ght. The next thing is your aperture. You notice the only time I changed aperture was to get a blurrier background or to knock down and get more detail, or to open up and get more detail in our background there. So I'm adjusting aperture, and that's one of the first things I set. And then I keep it that way. So whether I want detail in my background I go to f/8 or f/11, or if I want a blurry background I go to f/2.8 or f/4. So our aperture is gonna control our background. And then ISO is going to allow us to control globally everything. So when I wanted everything brighter, my background and my strobes, here I went ahead and I could turn my ISO up and down. So here's our photographs right here, starting out, adding the kiss of light, starting out with a boring, flat photograph, and you can hit Command-B, and then adding some depth and dimension down there. Starting off with what looked like a very blah, blue, back-lit kind of window, and turn it into morning sunrise or very dramatic street lighting out there, and then walking away with kind of that morning glow where I slowed my shutter speed down. And if I had an assignment to shoot lifestyle images for Shape Magazine or something like that, then you would go ahead and do something like this where you have beautiful light on our subject, natural-looking sunrise, but I could be shooting when the gyms are closed and we can actually use the location like at 10 PM at night and still get the same look. We also talked about when you do get your flash off-camera, where you place it. So get your flash or your strobe or your speed light, however you're modifying it. Raise it about eye level and bring it over around 45 degrees. And that's where you start. And then you creatively move it everywhere you want. But I want you to remember this. If you start getting creative and going crazy and you move your light around, all right, and you've got it flying all over the place, and you're like oh my God, it looks bad, there's too much shadow, too much contrast, there's a reset button. It's just like the video game. You hit reset. You start over. You got another life. Just bring it back, right to center. You're like okay, reset. (exhales loudly) Let's get creative again. Let's go here. Let's go high. Let's go low. Let's put a gel on it. You can do whatever you want. And then you never have to lose face in front of a client or confidence in front of a client because they're like, okay, this looks bad. Let's dial it back in, (laughs) start over and start getting creative again. This is your reset button. So that way you never get in over your head. Just always bring it back. And then finally, we talked about our different modifiers. All right? So a lot of times when I'm testing out new camera lenses or new camera bodies, throughout my years of doing this... Like I said, I'm self-taught. My friends have always gotten really good Facebook photos because I'm like, "Hey, I just got this new piece of equipment. "Come stand in for me. "Let me test it out on you." Okay? Whenever I'm doing that, I use big, soft light so the very first photo is nice and soft and flattering. So just remember that approach, too. Okay? Hard light is beautiful for film noir. We had a grid and focused and got really moody lighting for that one shot. But when you're starting out, start out with the biggest modifier you can find like a five-foot Oct or a big umbrella, and bring it in as close as possible. And that's gonna get you nice, soft, flattering light. It's a good place to start. And then you can play with hard light. And then you can play with grids. Cause again, I want you to learn a starting point and a safe place, and then I wanted to kind of tease a couple more advanced and different modifiers that you can use to really step up your game and start getting your own voice with your lighting. Yeah. And that's the run through. So that's how you control your light and quality and direction. It's how you control the scene with your camera settings and how they work with your strobes. And here's your different approaches. So let me just throw those at you. One way I like to leverage the scene as if I were to be a natural-light photographer, and if I have to, I bring light in to accent and flatter my subject. The second approach is to completely overpower the scene. If you're really given nothing, if you walk into a room and you're like this is so bad, I need to create my own, then you just set your camera so that everything's dark and then you bring in your own light. And then finally, when you get comfortable and you want to flex your creative muscle a little bit, then you start using gels and multiple lights and you can recreate streetlights or recreate lamp lights or recreate sunset. And you can really get fun and creative when it comes to that. So those are your three: accent and flatter your subject or overpower the scene completely or a combination and create your own scene altogether. So @ErikVPhoto is my Twitter and Instagram. That's what I'm most active on. So check that out for behind-the-scenes photos, what I'm shooting recently, and also a good place to reach out for questions. And ErikValind.com/CreativeLive, go ahead and sign up for that. I'm gonna do a follow-up with lighting diagrams and camera settings for every single shot. So if you're trying to write notes or you're trying to re-watch the broadcast, I'll have a companion PDF. Plus I'll be able to send you behind-the-scenes from future shoots and that kind of stuff too.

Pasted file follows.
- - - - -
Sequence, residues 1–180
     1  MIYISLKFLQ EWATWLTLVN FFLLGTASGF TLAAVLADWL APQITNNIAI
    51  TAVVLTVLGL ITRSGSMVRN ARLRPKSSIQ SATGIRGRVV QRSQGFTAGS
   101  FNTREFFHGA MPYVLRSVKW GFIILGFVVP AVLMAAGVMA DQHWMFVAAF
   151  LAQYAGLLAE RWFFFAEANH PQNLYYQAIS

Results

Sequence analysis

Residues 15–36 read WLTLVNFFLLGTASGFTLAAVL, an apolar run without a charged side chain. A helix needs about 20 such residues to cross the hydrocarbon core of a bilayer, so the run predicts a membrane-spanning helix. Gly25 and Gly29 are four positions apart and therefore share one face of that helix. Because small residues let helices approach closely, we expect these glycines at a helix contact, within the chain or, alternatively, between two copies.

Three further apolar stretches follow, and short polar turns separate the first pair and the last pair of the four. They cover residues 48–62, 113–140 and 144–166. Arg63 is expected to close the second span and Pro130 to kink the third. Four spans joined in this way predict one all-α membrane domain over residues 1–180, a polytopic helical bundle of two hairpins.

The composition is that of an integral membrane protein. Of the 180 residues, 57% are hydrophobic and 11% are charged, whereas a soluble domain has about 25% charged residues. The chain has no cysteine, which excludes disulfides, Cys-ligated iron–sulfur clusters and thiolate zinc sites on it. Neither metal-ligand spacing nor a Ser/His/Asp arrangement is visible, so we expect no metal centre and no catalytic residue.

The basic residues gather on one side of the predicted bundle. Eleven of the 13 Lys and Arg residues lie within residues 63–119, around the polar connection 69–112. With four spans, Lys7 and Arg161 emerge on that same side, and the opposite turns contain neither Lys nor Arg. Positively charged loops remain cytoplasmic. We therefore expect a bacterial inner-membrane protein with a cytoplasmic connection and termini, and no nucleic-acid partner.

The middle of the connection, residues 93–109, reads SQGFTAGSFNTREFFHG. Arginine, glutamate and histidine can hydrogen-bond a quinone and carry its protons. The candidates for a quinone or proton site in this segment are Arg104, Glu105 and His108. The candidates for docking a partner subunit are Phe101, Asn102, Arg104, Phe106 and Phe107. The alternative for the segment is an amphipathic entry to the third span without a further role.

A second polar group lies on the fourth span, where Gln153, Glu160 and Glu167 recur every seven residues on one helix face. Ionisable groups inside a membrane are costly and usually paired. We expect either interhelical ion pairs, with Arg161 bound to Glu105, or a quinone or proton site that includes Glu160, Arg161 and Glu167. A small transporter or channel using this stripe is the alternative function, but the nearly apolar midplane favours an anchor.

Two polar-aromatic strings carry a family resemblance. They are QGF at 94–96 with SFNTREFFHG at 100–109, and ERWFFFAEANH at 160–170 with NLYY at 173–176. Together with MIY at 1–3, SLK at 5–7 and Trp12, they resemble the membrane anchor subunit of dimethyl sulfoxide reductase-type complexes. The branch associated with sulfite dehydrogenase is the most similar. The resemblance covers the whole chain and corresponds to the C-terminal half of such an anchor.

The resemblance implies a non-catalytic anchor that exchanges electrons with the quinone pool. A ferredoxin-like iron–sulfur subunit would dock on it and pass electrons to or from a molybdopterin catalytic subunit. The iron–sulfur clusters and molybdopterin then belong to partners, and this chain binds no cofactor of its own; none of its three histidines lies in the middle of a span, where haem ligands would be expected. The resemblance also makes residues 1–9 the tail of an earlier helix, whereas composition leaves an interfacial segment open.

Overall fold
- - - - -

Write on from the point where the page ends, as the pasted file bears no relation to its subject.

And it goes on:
Ratings and Reviews
this is a super express class, fantastic... within very little time the guy explains what other need hours and hours to explain. clear explanations supported by practical examples how to sue light and what happens. this i avery basic but if you need to refresh your basic knowledge it is highly recommended to listen to this guy, he is good he is also fun
Worth every penny! I'm a natural light photographer looking to have more control in less than ideal lighting situations and this class was perfect! Erik covers so much great information in an efficient and effective way. He automatically answered all my questions just as they came to mind throughout the class! Love that he covered both creating dramatic and natural-looking lighting no matter the environment you're in! Thanks Erik!
Erik is concise, approachable and effective with his teaching style. This class had the perfect tempo yet covered some of the most important concepts and things that people usually struggle with (aka me) which is mixing ambient light with flash. Superb class, superb teacher.